The government and the Central Bureau of Investigation Wednesday took opposite stands before the Supreme Court on the higher judiciary’s power to order CBI probes into criminal cases.Their submissions were made before a five-member constitution bench headed by Chief Justice K.G. Balakrishnan, which was hearing a bunch of petitions by various state governments questioning the higher judiciary’s power to order a CBI probe.
As the law and order is a state subject in the constitution and state governments have exclusive power to maintain law and order in their territories, states often see a CBI probe, mandated by a high court or the apex court, into a criminal case as an encroachment of their rights.
Appearing for the central government, Solicitor General Goolam E. Vahanvati told the bench that there was no restriction on the higher judiciary to order a CBI probe into sensitive cases having national and international ramifications.
“There is no restriction on the powers of the courts under Articles 226 and 32 of the constitution for ordering a CBI probe in a case,” said the solicitor general, emphasising that as per the constitution the higher judiciary have the inherent powers to protect the Fundamental Right of citizens.
To protect the Fundamental Rights of citizens, the court can pass any order, including that for a CBI probe into particular criminal case, he said.
“The court can intervene if in any way it is convinced that there is a violation of Fundamental Rights guaranteed under the constitution,” he told the bench, which also included Justices D.K. Jain, R.V. Raveendran, P. Sathasivam and J.M. Panchal.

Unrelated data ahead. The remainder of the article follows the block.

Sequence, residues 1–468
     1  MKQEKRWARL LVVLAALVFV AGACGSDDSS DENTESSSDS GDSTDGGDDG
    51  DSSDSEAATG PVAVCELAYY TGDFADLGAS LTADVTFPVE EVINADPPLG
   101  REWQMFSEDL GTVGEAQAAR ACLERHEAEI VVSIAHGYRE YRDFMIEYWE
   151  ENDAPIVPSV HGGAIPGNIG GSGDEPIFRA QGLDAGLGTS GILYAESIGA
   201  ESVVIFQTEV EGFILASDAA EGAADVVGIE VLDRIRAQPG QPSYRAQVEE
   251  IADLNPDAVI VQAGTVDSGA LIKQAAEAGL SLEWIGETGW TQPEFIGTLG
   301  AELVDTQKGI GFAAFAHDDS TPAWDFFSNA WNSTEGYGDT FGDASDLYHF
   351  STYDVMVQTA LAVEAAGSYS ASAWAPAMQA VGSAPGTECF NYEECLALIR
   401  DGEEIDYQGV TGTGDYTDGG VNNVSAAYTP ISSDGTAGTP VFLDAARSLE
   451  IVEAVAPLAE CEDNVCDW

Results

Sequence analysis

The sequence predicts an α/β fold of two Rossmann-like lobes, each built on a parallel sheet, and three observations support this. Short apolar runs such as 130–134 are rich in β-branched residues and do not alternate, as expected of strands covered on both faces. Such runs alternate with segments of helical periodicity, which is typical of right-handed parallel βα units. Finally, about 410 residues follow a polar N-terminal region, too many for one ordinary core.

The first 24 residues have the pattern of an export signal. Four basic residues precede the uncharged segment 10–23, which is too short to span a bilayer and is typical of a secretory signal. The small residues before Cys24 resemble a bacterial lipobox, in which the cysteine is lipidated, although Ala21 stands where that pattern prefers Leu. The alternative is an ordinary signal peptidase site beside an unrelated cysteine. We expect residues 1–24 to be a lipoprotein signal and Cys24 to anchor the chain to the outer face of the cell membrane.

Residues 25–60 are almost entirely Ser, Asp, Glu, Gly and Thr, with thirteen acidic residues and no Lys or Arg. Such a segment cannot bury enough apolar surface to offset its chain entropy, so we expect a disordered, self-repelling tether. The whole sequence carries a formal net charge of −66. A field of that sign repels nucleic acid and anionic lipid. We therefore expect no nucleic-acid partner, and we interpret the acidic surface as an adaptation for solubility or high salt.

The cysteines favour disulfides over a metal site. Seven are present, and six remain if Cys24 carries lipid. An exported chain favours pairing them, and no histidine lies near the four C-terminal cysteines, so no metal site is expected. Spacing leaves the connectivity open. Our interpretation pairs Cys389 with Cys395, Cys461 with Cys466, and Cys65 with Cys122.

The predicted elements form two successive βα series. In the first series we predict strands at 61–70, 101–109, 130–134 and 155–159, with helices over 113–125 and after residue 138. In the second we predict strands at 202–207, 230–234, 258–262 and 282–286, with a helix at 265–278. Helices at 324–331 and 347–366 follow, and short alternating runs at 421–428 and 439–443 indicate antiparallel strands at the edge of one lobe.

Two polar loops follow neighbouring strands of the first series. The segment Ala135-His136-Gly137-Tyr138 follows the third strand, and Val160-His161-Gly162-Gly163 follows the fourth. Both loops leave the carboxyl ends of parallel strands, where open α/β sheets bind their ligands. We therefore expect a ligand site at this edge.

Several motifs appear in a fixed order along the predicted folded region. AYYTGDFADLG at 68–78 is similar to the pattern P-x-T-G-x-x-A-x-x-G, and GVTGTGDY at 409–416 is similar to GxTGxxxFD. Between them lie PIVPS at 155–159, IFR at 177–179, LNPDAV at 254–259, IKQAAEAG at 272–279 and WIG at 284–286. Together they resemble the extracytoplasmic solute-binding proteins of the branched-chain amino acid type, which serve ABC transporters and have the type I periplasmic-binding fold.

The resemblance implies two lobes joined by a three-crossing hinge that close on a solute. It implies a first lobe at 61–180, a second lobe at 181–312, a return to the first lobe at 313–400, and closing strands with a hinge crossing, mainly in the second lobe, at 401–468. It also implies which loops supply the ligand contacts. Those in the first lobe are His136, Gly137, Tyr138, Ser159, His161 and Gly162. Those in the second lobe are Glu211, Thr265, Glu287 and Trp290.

Vahanvati said though the apex court judgements in the past had said that courts should exercise the power to order a CBI probe “sparingly”, “there is no restriction, particularly in cases of sensitive nature and those having national and international ramifications.”
Appearing for the CBI, Additional Solicitor General B. Dutta, however, contended that as per the Delhi Special Police Establishment Act, the higher judiciary have no power to order a CBI probe unless the state gives its consent to the agency to probe a case in its jurisdiction.
He contended that even where the high court or the Supreme Court ordered the CBI to probe a particular case, the agency took up the probe only after seeking the state government’s consent.
This left the bench a little bewildered with Justice Jain remarking: “At least I am not able to understand what you want to say.”
As Dutta continued to assert that the courts have no power to order a CBI probe, Justice Raveendran asked, “If you are probing cases after taking consent from the state governments, how come the states are here in appeal against our orders? They themselves have given the consent.”
This remark by the bench triggered a laughter in the courtroom with Dutta beating a hasty retreat on the argument.
Dutta’a argument seemed more radical than those by the West Bengal government, which is in the apex court opposing the court’s power to order the CBI probe.
West Bengal counsel argued that though the apex court can order a CBI probe into any cases of violation of the Fundamental Rights, the high court does not have that power.
The apex court will continue hearing arguments on the issue Thursday.